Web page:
For lawyers, mentoring is “a voluntary, mutually beneficial relationship of professional growth, career development, and personal fulfillment that benefits the mentee and mentor, and provides a service to our clients.”25 New lawyers — whether they know it or not — need guidance on the fundamentals of practicing law. Law school can teach legal doctrine and application, but many facets of lawyering may only be acquired through practice.26 Mentors help to bridge the gap between legal education and the legal profession.
For lawyers who operate in a world of intersecting objectives, right and wrong are more than elements of a purely dialectic equation. In difficult situations, it is often helpful to know, “What would my mentor do?”
Mentors, particularly experienced lawyers whose advice carries great weight, can demonstrate to new lawyers the importance of professionalism. Through their own good example, mentors can impart to new lawyers the ways that desirable professional habits are developed. For retired mentors, maintaining a connection to the profession sets an example that nurtures the legal profession. The legal profession needs mentors.27
Public Service and Pro Bono
This is arguably a two-part “habit,” but the underlying concept is the same. Again, the Creed’s edict is clear: “I will further my profession’s devotion to public service and to the public good.”28 The Preamble adds that each “lawyer should strive . . . to exemplify the legal profession’s ideals of public service.”29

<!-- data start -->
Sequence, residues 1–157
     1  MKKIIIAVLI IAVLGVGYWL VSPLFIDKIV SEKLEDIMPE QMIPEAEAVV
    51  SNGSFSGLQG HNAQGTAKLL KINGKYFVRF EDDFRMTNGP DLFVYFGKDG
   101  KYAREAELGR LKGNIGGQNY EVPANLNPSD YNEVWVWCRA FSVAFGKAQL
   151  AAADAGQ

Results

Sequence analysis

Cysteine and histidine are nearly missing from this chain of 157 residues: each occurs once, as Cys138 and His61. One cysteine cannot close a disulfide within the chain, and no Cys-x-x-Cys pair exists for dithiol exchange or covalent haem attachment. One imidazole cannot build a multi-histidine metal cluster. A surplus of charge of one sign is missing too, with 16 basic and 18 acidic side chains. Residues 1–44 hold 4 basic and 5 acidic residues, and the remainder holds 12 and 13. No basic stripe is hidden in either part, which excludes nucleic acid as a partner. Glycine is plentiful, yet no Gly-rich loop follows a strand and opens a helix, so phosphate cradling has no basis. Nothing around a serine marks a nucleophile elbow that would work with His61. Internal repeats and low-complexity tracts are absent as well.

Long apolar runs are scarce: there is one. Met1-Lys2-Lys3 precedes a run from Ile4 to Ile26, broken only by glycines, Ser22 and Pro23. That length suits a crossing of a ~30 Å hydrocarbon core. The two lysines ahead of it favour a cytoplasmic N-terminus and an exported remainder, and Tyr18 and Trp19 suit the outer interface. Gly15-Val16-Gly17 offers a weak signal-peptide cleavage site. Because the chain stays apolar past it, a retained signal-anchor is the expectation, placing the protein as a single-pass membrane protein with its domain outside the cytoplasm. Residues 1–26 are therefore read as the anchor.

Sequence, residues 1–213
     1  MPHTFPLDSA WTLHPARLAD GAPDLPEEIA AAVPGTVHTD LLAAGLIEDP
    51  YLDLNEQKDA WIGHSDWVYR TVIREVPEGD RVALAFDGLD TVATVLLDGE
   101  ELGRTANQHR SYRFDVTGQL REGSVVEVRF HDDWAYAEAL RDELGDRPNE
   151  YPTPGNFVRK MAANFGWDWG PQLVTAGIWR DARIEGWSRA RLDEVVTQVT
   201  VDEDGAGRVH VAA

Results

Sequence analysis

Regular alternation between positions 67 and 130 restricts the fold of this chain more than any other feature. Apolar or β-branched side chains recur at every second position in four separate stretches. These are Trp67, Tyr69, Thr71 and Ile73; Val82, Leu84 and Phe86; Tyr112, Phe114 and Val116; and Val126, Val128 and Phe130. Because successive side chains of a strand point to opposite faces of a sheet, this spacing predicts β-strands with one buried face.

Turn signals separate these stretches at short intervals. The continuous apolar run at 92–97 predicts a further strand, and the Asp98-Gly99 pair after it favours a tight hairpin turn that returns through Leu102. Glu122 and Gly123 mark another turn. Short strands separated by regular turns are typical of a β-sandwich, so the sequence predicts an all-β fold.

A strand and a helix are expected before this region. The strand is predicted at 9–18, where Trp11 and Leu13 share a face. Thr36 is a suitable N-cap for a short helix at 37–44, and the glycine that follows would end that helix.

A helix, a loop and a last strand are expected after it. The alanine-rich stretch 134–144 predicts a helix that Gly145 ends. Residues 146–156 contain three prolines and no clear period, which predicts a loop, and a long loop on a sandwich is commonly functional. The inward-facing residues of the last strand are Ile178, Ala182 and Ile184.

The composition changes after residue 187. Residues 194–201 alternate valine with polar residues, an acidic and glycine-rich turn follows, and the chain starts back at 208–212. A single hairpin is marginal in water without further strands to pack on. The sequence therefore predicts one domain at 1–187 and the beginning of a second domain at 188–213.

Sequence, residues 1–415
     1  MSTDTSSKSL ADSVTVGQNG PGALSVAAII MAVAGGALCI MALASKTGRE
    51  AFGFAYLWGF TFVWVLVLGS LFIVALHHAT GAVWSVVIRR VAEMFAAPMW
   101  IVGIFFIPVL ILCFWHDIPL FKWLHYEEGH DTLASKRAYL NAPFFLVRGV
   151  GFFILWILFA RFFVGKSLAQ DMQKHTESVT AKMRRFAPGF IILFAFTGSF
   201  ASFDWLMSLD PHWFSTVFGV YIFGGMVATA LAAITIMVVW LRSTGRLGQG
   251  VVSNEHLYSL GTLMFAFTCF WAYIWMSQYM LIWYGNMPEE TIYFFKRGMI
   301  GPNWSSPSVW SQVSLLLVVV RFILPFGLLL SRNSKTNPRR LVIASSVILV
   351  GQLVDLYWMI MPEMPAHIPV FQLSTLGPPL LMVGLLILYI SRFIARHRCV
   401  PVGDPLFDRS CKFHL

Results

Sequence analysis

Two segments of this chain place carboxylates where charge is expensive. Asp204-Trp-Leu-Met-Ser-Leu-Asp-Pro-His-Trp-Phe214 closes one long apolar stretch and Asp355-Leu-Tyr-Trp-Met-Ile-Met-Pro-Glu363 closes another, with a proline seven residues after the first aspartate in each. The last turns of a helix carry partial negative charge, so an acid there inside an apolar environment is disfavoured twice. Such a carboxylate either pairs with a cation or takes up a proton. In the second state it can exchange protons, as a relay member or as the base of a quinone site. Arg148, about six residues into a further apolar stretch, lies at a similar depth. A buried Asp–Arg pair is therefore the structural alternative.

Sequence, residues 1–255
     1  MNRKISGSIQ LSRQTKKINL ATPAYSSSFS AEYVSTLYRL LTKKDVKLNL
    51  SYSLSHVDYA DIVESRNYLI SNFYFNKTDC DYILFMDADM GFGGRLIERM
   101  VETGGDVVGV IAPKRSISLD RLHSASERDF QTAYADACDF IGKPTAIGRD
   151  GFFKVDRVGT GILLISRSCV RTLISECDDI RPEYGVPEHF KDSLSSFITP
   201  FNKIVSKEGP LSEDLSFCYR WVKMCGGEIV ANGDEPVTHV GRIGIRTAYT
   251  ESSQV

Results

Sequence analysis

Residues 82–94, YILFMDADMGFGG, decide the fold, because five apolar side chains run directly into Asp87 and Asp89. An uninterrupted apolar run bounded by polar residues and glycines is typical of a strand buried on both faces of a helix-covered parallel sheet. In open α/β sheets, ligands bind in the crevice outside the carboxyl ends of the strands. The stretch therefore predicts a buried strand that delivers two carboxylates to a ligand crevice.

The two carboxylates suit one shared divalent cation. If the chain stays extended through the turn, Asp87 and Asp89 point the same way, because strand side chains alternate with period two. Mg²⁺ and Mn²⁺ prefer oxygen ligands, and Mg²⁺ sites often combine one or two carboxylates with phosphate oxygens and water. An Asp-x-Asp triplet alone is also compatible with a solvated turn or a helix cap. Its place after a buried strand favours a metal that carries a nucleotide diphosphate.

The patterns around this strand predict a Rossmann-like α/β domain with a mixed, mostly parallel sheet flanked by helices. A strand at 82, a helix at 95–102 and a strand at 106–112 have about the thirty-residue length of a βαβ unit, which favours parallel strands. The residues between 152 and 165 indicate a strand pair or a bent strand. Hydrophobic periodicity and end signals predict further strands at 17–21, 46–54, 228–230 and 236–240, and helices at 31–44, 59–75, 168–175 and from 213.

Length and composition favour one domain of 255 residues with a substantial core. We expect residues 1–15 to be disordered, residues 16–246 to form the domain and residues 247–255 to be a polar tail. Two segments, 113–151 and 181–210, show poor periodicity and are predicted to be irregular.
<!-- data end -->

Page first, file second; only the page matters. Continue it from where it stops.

When contemplating whether to undertake pro bono work, each lawyer should remember that lawyers’ market dominance is state-enforced, and highly profitable. Florida’s aspirational rule regarding pro bono public service gives Florida lawyers a choice. Annually, either provide 20 pro bono hours or contribute $350 to support legal aid services for the poor.30 However, failure to do so will not subject a lawyer to discipline.31 Nevertheless, Florida’s lawyers have been prolific. From July 1, 2004, to July 1, 2005, Florida’s lawyers worked 1,541,603 pro bono hours, and donated $3,790,700 pro bono dollars to the poor.32
The Florida Bar President’s Pro Bono Service Award, established in 1981, recognizes lawyers for their work on behalf of indigent clients.33 The award is intended to encourage lawyers to volunteer free legal services to the poor. One representative example is an Apopka attorney who was a 2007 recipient.34 Over the course of her career, the attorney served as a guardian ad litem for 71 children, donating more than 3,600 pro bono hours in closed cases, alone. Another recipient, a Sarasota attorney, served as a volunteer attorney with Legal Aid of Manasota since 1991, donating more than 2,000 hours of pro bono service to the community.35